An observatory in Chile is to be named after famed astronomer Vera Rubin. The news was announced in Honolulu, at an American Astronomical Society (AAS) meeting. Also involved on the funding side are the National Science Foundation and the Department of Energy.
Rubin, who passed away at Christmas 2016, battled to become part of the scientific community. Inspired by 19th century astronomer Maria Mitchell, she went on to establish evidence of dark matter in 1970. The observatory was formerly called the LSST (Large Synoptic Survey) telescope. It will now be called the Vera C. Rubin Observatory.
The venue is set to start stargazing in 2022, where it will spend 10 years surveying the heavens. Situated on the Cerro Pachón mountain ridge, it’s equipped with an 8.4 m telescope and 3200-megapixel camera.
The change followed months of effort by Congresswoman Jenniffer González-Colón and Chairwoman Eddie Bernice Johnson. Their co-sponsored bill sought to immortalize Rubin’s name so her legacy would never be forgotten.
Quoted by the AAS last July, Rep. González-Colón said, “Dr. Vera Rubin exemplifies the remarkable contributions women have long made to science. She persevered despite gender-based discrimination and challenges, and is recognized as a groundbreaking scientist in the field of astronomy.”
The re-titling is given extra poignancy due to another historic fact – in 1965, Rubin was the first woman to be granted official permission to observe at the Palomar Observatory in California. Now they’re naming them after her!
Her name is particularly associated with dark matter. The invisible yet vital element was first suggested by Fritz Zwicky in 1933. Rubin expanded the research, working with Kent Ford. “Her most consequential realization was that galaxies rotate so quickly that they ought to fly apart,” writes Space.com. “The fact that they don’t, she reasoned, is proof that there is a massive amount of, well, something in the universe that humans cannot yet study directly — what we now call dark matter.”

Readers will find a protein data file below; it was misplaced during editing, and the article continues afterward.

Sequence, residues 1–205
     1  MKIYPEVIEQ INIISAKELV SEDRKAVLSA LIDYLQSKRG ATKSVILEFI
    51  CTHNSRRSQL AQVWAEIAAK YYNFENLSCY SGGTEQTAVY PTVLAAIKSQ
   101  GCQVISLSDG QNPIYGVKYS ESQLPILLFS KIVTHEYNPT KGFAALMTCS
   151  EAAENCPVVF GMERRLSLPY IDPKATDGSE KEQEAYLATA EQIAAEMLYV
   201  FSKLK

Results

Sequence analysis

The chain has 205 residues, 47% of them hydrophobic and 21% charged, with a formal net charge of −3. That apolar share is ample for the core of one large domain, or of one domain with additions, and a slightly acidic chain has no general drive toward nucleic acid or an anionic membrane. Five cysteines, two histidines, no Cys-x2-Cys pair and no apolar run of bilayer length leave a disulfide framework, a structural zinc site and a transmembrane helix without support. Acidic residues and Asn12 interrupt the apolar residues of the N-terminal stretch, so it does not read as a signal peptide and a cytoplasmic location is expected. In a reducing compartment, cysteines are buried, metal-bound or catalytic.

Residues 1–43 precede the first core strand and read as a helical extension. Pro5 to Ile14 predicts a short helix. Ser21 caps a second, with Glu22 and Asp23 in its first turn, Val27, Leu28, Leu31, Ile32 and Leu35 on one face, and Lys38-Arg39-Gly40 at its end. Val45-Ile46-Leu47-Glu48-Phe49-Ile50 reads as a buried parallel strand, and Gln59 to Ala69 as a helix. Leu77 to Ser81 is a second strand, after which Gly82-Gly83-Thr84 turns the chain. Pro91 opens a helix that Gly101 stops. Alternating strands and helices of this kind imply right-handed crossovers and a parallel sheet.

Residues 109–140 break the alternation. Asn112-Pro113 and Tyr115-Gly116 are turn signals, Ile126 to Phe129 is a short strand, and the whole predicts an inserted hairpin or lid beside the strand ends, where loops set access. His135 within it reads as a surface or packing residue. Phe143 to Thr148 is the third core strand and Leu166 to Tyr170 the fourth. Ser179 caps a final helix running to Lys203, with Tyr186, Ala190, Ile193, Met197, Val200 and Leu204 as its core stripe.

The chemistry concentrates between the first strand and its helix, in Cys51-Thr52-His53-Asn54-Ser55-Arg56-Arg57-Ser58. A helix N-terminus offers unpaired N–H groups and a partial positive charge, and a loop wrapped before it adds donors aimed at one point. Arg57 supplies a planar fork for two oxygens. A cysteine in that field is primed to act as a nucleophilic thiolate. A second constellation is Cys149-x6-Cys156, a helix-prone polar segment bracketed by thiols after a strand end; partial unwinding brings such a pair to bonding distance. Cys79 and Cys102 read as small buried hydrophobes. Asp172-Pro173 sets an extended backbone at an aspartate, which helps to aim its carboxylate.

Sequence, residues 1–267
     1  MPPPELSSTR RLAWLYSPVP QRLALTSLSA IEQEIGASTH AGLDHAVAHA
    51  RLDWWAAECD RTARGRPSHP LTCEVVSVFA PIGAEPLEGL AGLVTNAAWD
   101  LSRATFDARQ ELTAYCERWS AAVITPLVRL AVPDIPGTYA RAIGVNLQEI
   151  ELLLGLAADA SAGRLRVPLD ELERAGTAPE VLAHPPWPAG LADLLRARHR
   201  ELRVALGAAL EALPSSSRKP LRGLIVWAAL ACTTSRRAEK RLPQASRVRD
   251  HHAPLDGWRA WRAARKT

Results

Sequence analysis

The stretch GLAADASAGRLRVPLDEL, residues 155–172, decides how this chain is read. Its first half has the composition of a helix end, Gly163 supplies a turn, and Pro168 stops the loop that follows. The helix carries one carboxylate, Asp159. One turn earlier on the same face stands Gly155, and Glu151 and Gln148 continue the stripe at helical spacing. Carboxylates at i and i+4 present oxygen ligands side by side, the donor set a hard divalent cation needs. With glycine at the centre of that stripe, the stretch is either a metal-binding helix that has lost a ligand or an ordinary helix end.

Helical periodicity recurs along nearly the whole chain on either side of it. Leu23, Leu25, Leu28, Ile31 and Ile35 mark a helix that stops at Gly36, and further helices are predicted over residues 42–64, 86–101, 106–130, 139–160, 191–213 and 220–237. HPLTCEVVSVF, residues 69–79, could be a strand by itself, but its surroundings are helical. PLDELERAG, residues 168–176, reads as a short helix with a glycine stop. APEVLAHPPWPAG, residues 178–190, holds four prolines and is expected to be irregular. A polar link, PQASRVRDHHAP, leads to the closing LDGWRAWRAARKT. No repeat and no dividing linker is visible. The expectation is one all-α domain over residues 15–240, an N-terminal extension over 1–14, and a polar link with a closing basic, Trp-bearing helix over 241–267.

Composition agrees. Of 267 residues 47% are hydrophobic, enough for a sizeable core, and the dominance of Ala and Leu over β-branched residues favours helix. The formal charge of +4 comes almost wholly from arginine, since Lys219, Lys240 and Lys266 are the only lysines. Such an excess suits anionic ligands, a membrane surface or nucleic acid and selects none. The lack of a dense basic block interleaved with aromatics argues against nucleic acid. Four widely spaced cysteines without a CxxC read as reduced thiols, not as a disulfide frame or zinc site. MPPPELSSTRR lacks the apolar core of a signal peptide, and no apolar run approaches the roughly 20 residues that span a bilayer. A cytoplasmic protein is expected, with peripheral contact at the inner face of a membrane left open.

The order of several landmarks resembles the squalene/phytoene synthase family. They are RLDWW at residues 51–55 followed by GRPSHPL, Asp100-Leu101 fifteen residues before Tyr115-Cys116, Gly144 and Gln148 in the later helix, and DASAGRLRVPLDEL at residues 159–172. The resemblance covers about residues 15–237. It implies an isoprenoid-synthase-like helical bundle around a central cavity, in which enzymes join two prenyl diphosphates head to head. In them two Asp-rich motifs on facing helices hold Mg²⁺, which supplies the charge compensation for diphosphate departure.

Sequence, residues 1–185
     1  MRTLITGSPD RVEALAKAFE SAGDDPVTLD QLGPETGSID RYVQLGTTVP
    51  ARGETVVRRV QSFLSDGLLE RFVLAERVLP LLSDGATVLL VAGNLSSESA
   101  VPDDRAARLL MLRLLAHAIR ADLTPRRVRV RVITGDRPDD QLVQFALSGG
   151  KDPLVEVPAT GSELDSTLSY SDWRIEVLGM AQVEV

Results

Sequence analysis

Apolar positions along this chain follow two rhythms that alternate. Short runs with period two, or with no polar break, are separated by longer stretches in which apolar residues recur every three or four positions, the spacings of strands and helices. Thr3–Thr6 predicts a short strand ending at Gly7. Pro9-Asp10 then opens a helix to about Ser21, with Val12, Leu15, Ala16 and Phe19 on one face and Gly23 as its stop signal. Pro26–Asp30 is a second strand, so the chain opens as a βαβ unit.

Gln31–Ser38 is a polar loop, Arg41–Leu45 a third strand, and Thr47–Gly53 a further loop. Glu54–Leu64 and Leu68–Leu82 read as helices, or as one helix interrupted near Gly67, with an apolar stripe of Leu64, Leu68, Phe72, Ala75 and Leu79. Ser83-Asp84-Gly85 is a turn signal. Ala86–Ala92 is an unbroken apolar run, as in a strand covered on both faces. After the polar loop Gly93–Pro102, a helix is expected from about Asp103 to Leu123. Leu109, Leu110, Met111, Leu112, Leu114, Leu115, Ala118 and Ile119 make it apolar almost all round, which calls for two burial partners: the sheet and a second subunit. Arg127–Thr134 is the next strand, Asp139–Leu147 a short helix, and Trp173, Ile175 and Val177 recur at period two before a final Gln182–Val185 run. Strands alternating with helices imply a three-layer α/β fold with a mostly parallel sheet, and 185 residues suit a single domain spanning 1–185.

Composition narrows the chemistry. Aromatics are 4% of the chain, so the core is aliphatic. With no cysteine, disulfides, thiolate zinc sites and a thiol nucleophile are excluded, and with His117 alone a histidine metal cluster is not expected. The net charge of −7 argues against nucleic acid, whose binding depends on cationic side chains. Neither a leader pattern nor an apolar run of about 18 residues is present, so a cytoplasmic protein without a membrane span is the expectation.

While they were building on ideas that had already been mooted, Rubin and Ford went out and bagged the compelling data. Smithsonian.com says she “offered some of the first evidence of dark matter’s existence, and her work flipped conventional views of the cosmos on their heads.”
Many feel her pioneering research hasn’t been afforded the proper credit. Despite talk of Rubin receiving the Nobel Prize for Physics, the actual honor never materialized. “Rubin spent her career measuring the forces of the universe she could not see,” notes Smithsonian. “But her reach included a far more visible change as well: her fight for gender parity in the sciences.”
Speaking about Rubin at the AAS meeting was Kathy Turner from the Department of Energy. Space.com reports her saying, “She (Rubin) has multiple legacies of, of course, the major science work, the major discoveries and the major legacy of paving way for young people and especially women.” Turner adds, “Her dogged determination to be recognized for her work was really something that stood out to me when I read more detail about her.”
Rubin certainly encountered strong opposition. Even her high school teacher is said to have discouraged her from a scientific path! She graduated as her class’s only astronomy major at Vassar as a teenager, before heading to Cornell. Harvard wanted her but she opted for Cornell as that’s where husband Bob was studying.
In 1950, following completion of her master’s thesis, she presented a talk at the AAS. “It solicited replies from several ‘angry-sounding men’,” Symmetry Magazine writes, quoting Rubin’s own words. Ironically its latest gathering enthusiastically puts her centre stage.
With a lot of support from her family, she took night classes for an astronomy PhD. From there she taught at Georgetown for 10 years. Her growing reputation led to this greatly-deserved current status.
Another influential figure on Rubin was astrophysicist Margaret Burbidge, to whom she wrote the following: “From you we have learned that a woman too can rise to great heights as an astronomer, and that it’s all right to be charming, gracious, brilliant, and to be concerned for others as we make our way in the world of science.”
With much perseverance from both her and those she inspired, Vera Rubin’s name is written in lights… or at least, under them.
CORRECTION: In an earlier version of this article we mistakenly stated that this is the first time an observatory has been named for a woman. That is not accurate. We made the correction on 1/13/2020.